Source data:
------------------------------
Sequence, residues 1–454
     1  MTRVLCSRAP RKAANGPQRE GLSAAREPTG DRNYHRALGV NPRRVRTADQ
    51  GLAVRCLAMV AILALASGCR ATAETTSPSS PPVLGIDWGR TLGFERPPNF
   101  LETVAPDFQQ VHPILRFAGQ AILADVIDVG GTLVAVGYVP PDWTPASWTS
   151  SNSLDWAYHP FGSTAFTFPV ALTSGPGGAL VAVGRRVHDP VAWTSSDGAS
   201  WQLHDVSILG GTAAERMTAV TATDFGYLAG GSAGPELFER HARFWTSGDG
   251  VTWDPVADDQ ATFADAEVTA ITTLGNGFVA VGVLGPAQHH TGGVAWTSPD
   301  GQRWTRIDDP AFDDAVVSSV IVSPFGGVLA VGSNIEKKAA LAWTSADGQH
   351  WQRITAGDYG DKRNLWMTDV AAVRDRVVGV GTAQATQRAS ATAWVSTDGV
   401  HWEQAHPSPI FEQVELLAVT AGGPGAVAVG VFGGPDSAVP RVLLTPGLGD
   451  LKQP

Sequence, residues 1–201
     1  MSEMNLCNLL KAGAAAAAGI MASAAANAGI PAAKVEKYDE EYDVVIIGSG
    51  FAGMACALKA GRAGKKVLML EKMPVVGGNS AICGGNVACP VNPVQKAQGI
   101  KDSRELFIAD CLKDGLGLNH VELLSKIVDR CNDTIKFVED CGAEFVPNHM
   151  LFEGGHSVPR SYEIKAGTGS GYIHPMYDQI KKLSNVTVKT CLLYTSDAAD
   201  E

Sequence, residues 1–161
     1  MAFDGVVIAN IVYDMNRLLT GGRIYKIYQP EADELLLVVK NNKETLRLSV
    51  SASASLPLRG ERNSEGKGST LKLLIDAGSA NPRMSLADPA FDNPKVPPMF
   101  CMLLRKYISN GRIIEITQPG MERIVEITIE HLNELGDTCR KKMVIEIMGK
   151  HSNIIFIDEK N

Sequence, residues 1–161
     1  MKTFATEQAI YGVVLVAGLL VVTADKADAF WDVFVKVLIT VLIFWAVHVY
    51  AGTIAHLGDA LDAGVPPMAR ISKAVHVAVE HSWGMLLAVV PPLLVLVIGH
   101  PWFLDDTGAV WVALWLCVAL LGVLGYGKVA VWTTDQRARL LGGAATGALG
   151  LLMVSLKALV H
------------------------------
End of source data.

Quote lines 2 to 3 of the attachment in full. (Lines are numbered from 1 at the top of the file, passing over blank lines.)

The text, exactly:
     1  MTRVLCSRAP RKAANGPQRE GLSAAREPTG DRNYHRALGV NPRRVRTADQ
    51  GLAVRCLAMV AILALASGCR ATAETTSPSS PPVLGIDWGR TLGFERPPNF